A1.1 View and respond to a variety of industry-related artistic products integrating industry appropriate vocabulary.
    A1.4 Select industry-specific works and analyze the intent of the work and the appropriate use of media.
    A1.5 Research and analyze the work of an artist or designer and how the artist’s distinctive style contributes to their industry production.
    A1.9 Analyze the material used by a given artist and describe how its use influences the meaning of the work. ia, and Entertainment |
    A3.0 Analyze and assess the impact of history and culture on the development of professional arts and media products.
    A3.1 Identify and describe the role and influence of new technologies on contemporary arts industry.
    A3.2 Describe how the issues of time, place, and cultural influence and are reflected in a variety of artistic products.
    A3.3 Identify contemporary styles and discuss the diverse social, economic, and political developments reflected in art work in an industry setting.
    A4.0 Analyze, assess, and identify effectiveness of artistic products based on elements of art, the principles of design, and professional industry standards.
    A4.2 Deconstruct how beliefs, cultural traditions, and current social, economic, and political contexts influence commercial media (traditional and electronic).
    A4.4 Analyze the relationship between the artist, artistic product and audience in both an existing and self-generated project.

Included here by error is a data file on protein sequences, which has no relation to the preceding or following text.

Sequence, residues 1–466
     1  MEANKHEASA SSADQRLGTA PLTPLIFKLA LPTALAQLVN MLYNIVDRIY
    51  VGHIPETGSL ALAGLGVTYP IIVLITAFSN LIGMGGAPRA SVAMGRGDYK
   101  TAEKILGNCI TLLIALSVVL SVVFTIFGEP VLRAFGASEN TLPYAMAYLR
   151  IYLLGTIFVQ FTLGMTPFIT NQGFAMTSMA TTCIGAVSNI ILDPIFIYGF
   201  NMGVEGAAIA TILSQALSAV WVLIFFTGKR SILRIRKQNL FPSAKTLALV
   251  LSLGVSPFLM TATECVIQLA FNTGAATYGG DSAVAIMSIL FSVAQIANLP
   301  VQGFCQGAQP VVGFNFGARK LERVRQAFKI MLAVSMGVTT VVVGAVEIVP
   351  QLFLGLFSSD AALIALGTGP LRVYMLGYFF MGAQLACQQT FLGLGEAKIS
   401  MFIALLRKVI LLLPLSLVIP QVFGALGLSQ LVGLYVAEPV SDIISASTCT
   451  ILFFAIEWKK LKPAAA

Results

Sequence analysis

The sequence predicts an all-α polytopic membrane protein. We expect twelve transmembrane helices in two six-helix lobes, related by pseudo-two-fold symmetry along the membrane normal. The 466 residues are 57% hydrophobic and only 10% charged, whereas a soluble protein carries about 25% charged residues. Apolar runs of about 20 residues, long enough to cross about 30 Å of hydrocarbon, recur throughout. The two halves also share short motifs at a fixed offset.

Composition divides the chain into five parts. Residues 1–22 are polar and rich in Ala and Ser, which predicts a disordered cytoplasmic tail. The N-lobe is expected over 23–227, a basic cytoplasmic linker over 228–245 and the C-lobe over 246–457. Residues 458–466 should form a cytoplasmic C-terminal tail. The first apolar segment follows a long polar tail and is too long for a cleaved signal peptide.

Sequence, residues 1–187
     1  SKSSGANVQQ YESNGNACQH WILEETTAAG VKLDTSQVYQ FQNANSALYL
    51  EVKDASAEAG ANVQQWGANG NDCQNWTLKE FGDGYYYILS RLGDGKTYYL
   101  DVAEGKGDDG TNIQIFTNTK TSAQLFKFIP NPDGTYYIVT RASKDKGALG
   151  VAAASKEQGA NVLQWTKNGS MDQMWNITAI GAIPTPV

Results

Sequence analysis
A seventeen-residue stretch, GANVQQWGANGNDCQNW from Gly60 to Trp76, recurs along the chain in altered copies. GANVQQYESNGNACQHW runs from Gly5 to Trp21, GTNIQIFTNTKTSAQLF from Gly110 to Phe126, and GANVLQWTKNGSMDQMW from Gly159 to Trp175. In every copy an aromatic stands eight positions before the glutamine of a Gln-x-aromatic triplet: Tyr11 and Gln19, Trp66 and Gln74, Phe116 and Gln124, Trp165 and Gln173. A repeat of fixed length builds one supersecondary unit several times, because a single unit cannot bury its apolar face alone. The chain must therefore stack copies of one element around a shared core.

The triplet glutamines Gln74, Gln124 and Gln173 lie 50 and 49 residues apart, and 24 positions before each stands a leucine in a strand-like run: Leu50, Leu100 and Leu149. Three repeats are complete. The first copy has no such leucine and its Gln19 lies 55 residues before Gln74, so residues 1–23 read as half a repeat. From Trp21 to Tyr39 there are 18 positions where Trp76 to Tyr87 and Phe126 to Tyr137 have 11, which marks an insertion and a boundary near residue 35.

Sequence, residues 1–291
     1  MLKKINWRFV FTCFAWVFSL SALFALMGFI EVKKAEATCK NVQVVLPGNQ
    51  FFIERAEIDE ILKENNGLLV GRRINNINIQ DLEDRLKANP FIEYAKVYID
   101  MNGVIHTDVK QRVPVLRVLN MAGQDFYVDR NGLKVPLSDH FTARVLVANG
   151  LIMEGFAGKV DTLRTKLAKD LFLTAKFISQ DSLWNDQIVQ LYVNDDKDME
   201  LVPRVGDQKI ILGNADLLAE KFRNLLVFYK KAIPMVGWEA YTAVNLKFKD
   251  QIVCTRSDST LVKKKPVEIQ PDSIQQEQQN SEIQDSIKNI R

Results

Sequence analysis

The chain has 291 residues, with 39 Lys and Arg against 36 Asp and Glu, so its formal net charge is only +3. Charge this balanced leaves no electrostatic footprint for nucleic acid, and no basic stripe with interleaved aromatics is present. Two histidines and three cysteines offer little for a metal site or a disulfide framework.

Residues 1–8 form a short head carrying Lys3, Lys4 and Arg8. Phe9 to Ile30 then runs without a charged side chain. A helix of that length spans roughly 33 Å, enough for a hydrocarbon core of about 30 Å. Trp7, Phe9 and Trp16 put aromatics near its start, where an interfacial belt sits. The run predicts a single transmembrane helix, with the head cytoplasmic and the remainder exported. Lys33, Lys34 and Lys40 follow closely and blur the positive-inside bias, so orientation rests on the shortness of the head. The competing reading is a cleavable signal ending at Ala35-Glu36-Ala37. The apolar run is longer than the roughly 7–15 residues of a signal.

A4.5 Analyze and articulate how society influences the interpretation and effectiveness of an artistic product.
    A5.0 Identify essential industry competencies, explore commercial applications and develop a career specific personal plan.
    A5.3 Deconstruct works of art, identifying psychological content found in the symbols and images and their relationship to industry and society.
    A5.4 Predict how changes in technology might change the role and function of the visual arts in the workplace.
    A6.0 Analyze characteristics of subgenres (e.g., satire, parody, allegory, pastoral) that are used in poetry, prose, plays, novels, short stories, essays, and other basic genres.
    A6.1 Evaluate the ways in which irony, tone, mood, the author’s style, and the “sound” of language achieve specific rhetorical or aesthetic purposes or both.
    A6.2 Analyze the way in which authors through the centuries have used archetypes drawn from myth and tradition in literature, film, political speeches, and religious writings.
    A6.3 Debate the philosophical arguments presented in literary works to determine whether the authors’ positions have contributed to the quality of each work and the credibility of the characters (philosophical approach).

Performing Arts (B)

  • B2.0 Read, listen to, deconstruct, and analyze peer and professional music using the elements and terminology of music.
    B2.2 Describe how the elements of music are used.
    B2.5 Analyze and describe significant musical events perceived and remembered in a given industry generated example.
    B2.6 Analyze and describe the use of musical elements in a given professional work that makes it unique, interesting, and expressive.
    B2.7 Demonstrate the different uses of form, both past and present, in a varied repertoire of music in commercial settings from diverse genres, styles, and professional applications.
    B7.0 Analyze the historical and cultural perspective of multiple industry performance products from a discipline-specific perspective.
    B7.1 Identify and compare how film, theater, television, and electronic media productions influence values and behaviors.
    B7.3 Analyze the historical and cultural perspective of the musician in the professional setting.